Tuesday, November 2, 2010

New die storage!

I'm doing a happy dance right now, because my storage for all of those fabulous thin metal dies has been improved greatly - lighter, more compact, and super economical.

Many of you have probably seen Dawn McVey's recent post where she showed how she made super cute little pockets to hold her dies. She used cardstock with acetate sewn on the front to make pockets. It's fantastic! I wanted to do something like it, but I'm lazy and didn't want to drag out the sewing machine. I got to thinking about it, and realized that clear envelopes offer a terrific cost- and time-effective solution.

Check it out! Each die or set of dies has its own little pouch. Each one contains a quarter sheet of cardstock (5 1/2 by 4 1/4 inches) - no cardstock waste! The pouches are made from plain clear envelopes  (no sewing!), which I cut to 5 3/8 inches tall. I made them just a little bit shorter than the cardstock insert because it's easier to get hold of the cardstock to pull it out if you need to. On each insert, I wrote the name of the die(s) in the upper left corner, and the name of the company in the upper right. Quick, easy, and cheap!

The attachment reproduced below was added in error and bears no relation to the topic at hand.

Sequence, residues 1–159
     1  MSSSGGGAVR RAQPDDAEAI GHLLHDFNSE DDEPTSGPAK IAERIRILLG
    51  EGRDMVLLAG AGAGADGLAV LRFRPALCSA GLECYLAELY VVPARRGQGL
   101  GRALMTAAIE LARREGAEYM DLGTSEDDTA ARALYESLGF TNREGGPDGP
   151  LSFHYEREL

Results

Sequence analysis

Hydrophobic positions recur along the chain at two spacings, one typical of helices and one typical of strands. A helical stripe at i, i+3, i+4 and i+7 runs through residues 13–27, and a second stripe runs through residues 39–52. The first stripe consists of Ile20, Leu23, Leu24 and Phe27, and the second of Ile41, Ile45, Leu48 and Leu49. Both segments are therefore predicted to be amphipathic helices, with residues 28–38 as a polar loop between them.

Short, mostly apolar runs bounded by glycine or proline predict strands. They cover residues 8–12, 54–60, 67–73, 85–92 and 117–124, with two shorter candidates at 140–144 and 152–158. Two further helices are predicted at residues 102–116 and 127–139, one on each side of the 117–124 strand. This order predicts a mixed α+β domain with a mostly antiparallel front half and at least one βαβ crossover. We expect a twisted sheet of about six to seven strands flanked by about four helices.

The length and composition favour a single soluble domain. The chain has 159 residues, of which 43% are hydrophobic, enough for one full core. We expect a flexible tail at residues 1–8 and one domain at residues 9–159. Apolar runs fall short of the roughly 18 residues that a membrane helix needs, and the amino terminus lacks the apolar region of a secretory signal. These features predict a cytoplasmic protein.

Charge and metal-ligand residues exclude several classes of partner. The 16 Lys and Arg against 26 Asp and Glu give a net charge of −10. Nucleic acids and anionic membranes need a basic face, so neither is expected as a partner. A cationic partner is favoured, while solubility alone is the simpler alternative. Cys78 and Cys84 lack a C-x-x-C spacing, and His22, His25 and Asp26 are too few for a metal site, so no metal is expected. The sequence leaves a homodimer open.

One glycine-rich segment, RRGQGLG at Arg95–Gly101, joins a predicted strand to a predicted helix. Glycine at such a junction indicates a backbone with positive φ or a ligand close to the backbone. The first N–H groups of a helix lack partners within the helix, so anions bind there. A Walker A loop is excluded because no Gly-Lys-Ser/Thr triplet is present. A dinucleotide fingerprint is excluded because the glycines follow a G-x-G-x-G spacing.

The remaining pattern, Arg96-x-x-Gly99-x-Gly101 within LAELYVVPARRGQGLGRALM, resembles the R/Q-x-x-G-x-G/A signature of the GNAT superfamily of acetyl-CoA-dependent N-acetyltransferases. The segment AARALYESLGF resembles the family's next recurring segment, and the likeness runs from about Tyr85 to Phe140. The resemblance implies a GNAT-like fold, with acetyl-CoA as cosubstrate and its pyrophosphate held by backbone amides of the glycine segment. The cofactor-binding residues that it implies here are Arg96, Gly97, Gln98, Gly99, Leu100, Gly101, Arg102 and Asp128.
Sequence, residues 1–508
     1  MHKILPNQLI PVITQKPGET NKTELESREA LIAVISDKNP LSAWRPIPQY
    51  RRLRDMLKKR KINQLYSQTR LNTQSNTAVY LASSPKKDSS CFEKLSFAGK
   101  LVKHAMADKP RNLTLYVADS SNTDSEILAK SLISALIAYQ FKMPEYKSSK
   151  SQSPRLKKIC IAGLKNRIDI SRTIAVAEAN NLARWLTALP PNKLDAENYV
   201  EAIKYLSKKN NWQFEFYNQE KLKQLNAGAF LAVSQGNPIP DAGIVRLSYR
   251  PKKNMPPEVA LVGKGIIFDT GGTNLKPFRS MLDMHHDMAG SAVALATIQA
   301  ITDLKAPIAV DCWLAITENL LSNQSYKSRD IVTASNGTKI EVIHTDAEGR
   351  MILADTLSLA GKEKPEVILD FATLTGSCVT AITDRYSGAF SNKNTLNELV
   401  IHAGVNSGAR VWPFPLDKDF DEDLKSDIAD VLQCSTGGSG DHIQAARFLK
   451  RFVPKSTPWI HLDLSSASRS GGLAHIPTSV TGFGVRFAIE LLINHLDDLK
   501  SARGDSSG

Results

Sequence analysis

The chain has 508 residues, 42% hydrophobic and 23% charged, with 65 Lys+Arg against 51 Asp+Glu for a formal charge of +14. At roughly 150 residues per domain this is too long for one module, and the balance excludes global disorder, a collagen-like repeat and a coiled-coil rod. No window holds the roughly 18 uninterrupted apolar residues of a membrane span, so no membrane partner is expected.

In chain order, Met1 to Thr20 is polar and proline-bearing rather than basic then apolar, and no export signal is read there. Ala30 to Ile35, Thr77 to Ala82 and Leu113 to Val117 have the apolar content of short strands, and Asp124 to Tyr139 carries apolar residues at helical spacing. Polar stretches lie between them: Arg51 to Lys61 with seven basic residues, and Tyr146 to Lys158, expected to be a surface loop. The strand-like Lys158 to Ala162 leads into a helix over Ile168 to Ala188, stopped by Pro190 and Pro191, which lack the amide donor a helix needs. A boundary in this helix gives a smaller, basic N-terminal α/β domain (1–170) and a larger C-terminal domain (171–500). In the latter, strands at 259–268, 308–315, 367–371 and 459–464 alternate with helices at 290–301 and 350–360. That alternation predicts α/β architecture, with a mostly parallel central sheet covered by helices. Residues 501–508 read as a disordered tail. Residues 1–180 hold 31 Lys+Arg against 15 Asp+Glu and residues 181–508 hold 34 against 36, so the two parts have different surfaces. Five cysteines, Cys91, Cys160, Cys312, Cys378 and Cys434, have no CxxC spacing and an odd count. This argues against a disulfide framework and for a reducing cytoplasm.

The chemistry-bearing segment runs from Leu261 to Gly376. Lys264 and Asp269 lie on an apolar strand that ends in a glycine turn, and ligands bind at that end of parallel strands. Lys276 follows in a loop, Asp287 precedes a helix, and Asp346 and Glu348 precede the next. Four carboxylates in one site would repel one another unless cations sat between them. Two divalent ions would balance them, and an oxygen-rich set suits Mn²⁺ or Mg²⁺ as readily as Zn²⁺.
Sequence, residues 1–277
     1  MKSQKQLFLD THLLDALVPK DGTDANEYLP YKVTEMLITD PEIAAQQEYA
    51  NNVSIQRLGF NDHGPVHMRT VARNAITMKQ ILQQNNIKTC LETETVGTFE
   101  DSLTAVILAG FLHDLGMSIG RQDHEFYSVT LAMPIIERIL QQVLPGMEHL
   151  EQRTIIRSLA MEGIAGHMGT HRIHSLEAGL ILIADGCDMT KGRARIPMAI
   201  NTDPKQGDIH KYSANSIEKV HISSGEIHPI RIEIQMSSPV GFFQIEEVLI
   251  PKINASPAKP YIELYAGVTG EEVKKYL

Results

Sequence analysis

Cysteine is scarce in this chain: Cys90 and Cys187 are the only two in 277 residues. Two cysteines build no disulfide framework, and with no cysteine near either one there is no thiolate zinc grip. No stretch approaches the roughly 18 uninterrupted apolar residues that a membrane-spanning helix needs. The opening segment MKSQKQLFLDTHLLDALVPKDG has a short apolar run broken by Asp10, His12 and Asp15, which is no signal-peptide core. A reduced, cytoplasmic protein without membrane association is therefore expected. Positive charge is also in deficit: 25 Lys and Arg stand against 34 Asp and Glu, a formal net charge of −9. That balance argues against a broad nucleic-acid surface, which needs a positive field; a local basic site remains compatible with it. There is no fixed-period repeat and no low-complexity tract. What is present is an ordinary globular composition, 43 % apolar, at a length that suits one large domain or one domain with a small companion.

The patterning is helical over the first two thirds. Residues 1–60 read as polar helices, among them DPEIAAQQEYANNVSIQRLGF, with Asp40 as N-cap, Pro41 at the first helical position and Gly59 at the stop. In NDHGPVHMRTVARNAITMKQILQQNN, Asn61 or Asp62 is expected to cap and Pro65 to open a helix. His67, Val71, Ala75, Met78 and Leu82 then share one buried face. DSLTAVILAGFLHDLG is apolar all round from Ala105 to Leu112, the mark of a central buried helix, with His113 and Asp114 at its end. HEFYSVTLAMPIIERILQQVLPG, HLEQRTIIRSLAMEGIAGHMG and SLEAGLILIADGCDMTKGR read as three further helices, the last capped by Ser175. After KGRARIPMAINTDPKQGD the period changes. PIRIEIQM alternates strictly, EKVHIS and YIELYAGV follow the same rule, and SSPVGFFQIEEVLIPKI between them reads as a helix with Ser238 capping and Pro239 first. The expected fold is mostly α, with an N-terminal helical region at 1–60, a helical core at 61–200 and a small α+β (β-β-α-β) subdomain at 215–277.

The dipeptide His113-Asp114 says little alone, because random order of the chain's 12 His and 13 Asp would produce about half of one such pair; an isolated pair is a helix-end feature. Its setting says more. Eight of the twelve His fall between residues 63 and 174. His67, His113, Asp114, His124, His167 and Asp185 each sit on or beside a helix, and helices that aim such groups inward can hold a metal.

Here's another cool thing. On the back of each insert, I traced around each die that's contained in that pouch. This should make it easier to help stray dies find their way back home.

I can hear you asking now - what about my Nestabilities? They fit just fine! You can see my solution for dies that are too tall for the pouch. They simply stick out the top. On the back, when I traced the dies, I used a dotted line near the edge to show that a die continued past the page.

Since these pouches are made from a standard envelope, you can store them easily in any container that you'd use for finished cards. The only things not included in the basket you see below are my impression plates, the calendar page die, and the two Favor It box dies. I'm sure they'll go in something similar, but it will need to be a little bit larger. 

This basket contains 46 pouches of dies. And the whole stack is less than 4 inches thick!

I have a couple of hints if you decide to do this. The clear envelopes with the adhesive on the flap rather than on the envelope body were preferable to me. That way, the adhesive gets eliminated when you cut. I cut the envelopes on my Tonic guillotine cutter. I found them a lot easier to cut if I did two at a time. And I had to really hold the blade in close to the body of the cutter to keep the slippery little buggers from avoiding being cut.

Thanks to Dawn for the inspiration. This would never have occurred to me if not for your post!